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This 4-Step Coding Process Grabs $125 Extra in Vasectomy-Related Payment

Posted on 10. Jul, 2009 by in Hot Coding Topics.

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Turn to V25.x for your diagnosis code choice.

Vasectomies are commonplace in most urology practices. But choosing the proper codes to report can prove challenging, starting with the pre-vasectomy “consultation” visit most urologists perform. If you’re not billing out each piece of the vasectomy process, you could be costing your practice hundreds over the course of one year. Follow these four steps to ensure you capture all the reimbursement your urologist deserves.

1. Avoid Automatically Assigning Consult Codes for the First Visit

Before a urologist performs a vasectomy, he usually meets with the patient to discuss the procedure and ensure that the patient understands the consequences of the procedure and wishes to undergo this elective sterilization. You’ll report this office visit using the appropriate E/M code, says Kelly Young, a coder with Scottsdale Center for Urology in Scottsdale, Ariz.

The coding challenge comes when you try to determine whether you…

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Medicare Fraud Fighter Reveals 9 Billing Patterns That Draw HEAT

Posted on 10. Jul, 2009 by in Toolkit.

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A Department of Justice senior trial attorney behind the widely publicized new federal health care fraud-fighting team, HEAT, has revealed 9 billing patterns that he and his team look for when they’re data mining. Bookmark this list of billing patterns if you’re looking to safeguard your practice via internal audits.

What is data mining? The government has lost millions “paying and chasing,” explained the DOJ’s John S. Darden, who spoke at the recent American Health Lawyers Association Annual Meeting. Sometimes, health care fraud operations can go on for years, and even become franchises, before the feds realize what is happening. While many of the criminals have been caught, the money they stole from U.S. taxpayers is gone forever. Cases like the long-lived HIV infusion schemes in Miami and Detroit have taught the government to analyze claims as they come in to look for patterns that signal

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What’s the ICD-9 Code for TFCC?

Posted on 08. Jul, 2009 by in Coding Challenge, Hot Coding Topics.

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Question: What Dx code should we use for TFCC (triangular fibrocartilage complex) of the wrist?

Answer: Is the injury acute? If not, you should report 718.03 (Articular cartilage disorder; forearm) rather than an acute code. If so, report 842.01 (Sprains and strains ofwrist and hand; wrist; carpal [joint]).

Note: TFCC occurs on the ulnar side of the wrist and is made of cartilage and ligaments. Sports injuries may also cause TFCC tears, typically by the patient landing on his outstretched arm or repetitive heavy lifting with the ulnar side of the wrist.

Get your doc in the loop: these simple op note tweaks from Lynn Anderanin are key to your orthopedic reimbursement.

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Diagnostic Radiology ICD-9 Code Update: New Mammo Code 793.82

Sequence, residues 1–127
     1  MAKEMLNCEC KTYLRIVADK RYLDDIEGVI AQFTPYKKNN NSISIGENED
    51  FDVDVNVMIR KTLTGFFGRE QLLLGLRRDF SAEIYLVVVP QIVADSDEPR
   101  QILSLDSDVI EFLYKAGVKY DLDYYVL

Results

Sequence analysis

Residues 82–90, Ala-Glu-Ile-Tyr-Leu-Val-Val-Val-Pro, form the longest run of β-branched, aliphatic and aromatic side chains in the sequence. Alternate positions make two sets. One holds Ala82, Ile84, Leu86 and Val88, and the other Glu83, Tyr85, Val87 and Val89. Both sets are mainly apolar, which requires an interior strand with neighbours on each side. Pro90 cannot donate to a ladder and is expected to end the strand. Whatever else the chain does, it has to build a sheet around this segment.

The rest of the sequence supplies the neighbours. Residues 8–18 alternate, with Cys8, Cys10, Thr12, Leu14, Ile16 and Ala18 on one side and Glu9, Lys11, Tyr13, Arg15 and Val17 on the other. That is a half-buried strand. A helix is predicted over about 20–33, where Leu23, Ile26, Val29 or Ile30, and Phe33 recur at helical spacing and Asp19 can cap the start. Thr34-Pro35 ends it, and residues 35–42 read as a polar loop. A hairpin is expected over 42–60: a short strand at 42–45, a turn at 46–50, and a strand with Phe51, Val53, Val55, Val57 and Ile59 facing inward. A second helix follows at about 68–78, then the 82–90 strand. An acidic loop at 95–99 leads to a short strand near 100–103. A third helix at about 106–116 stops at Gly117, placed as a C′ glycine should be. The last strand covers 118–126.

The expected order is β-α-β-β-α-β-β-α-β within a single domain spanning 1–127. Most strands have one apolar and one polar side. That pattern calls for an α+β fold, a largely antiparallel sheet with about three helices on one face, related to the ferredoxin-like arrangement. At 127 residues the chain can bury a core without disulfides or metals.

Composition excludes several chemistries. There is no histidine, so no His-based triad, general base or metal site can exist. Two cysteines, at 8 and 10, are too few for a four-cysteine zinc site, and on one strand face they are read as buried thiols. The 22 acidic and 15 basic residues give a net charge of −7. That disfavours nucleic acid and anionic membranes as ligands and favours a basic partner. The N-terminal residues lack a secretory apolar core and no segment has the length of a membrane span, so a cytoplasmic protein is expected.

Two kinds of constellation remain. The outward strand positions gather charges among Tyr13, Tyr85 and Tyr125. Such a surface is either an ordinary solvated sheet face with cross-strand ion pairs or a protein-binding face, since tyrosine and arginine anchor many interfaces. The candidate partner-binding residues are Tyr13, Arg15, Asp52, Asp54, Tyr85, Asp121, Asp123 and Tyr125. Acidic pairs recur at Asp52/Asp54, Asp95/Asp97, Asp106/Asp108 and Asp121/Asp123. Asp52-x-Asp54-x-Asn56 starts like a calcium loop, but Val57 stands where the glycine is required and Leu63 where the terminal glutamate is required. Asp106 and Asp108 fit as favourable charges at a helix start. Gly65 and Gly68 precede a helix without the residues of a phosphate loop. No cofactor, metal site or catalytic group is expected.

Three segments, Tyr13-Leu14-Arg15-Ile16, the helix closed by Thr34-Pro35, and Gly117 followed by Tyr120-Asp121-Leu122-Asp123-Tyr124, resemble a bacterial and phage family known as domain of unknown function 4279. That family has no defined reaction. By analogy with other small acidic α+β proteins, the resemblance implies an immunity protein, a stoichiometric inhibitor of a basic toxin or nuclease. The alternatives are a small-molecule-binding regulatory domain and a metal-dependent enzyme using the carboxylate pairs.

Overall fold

Posted on 08. Jul, 2009 by in Hot Coding Topics.

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New code 793.82 shakes up the whole 793.x range in 2010.

The switch to ICD-9 2010 is only a few short months away; preparing now for a crucial change in diagnostic imaging will put you ahead of the game.

Remember: ICD-9 2010 codes will be appropriate for services performed on or after Oct. 1, 2009.

Dense breasts may require testing beyond a mammogram to confirm no malignancies, and the request for an appropriate code to describe this resulted in 793.82 (Inconclusive mammogram), according to the ICD-9 Committee’s September 2008 meeting agenda.

“The new code may help get insurance companies to pay for additional testing,” says Cheryl Scott, CPC, CPC-H, CCS, CCS-P, with HealthTexas in Dallas. “Prior to the 2010 code, the choices were to bill it as screening or to code dense breasts as an ‘abnormality’” – which they aren’t, she…

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When Patient Payment Plans Pay Off Better Than Collection Agencies

Posted on 06. Jul, 2009 by in Hot Coding Topics.

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Recession Relief: Ready to call a collector? Here’s a cheaper, alternate plan that can save patient relations & bring in more cash.

If you’re like many medical practices, you’re struggling with how to collect from patients who are struggling financially. But before you shell out money for a collector, consider the advantages of patient payment plans.

Wayne Miller reveals more ways to recession-proof your practice. Learn about the stimulus law, mortgage terms, capital avenues and more.

Although it may take longer to get your money, a payment plan will help financially struggling patients avoid an outside collector, says Catherine Brink, CMM, CPC, CMSCS, president of Healthcare Resource Management in Spring Lake, N.J.

With payment plans, “you have some income coming in versus sending [patients] to collections and possibly never getting paid,” agrees Michelle Radmer, billing specialist for Greater Milwaukee Otolaryngology in Greenfield, Wis. Offering payment plans